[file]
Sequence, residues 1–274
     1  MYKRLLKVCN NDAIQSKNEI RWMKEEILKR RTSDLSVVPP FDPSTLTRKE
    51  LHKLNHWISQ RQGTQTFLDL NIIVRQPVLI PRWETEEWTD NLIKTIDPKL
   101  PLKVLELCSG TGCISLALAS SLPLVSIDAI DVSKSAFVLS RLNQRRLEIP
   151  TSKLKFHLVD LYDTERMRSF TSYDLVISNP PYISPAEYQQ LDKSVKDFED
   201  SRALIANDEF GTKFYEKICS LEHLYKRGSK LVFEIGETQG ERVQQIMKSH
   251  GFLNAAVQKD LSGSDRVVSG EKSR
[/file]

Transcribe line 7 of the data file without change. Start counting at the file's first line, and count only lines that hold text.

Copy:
   251  GFLNAAVQKD LSGSDRVVSG EKSR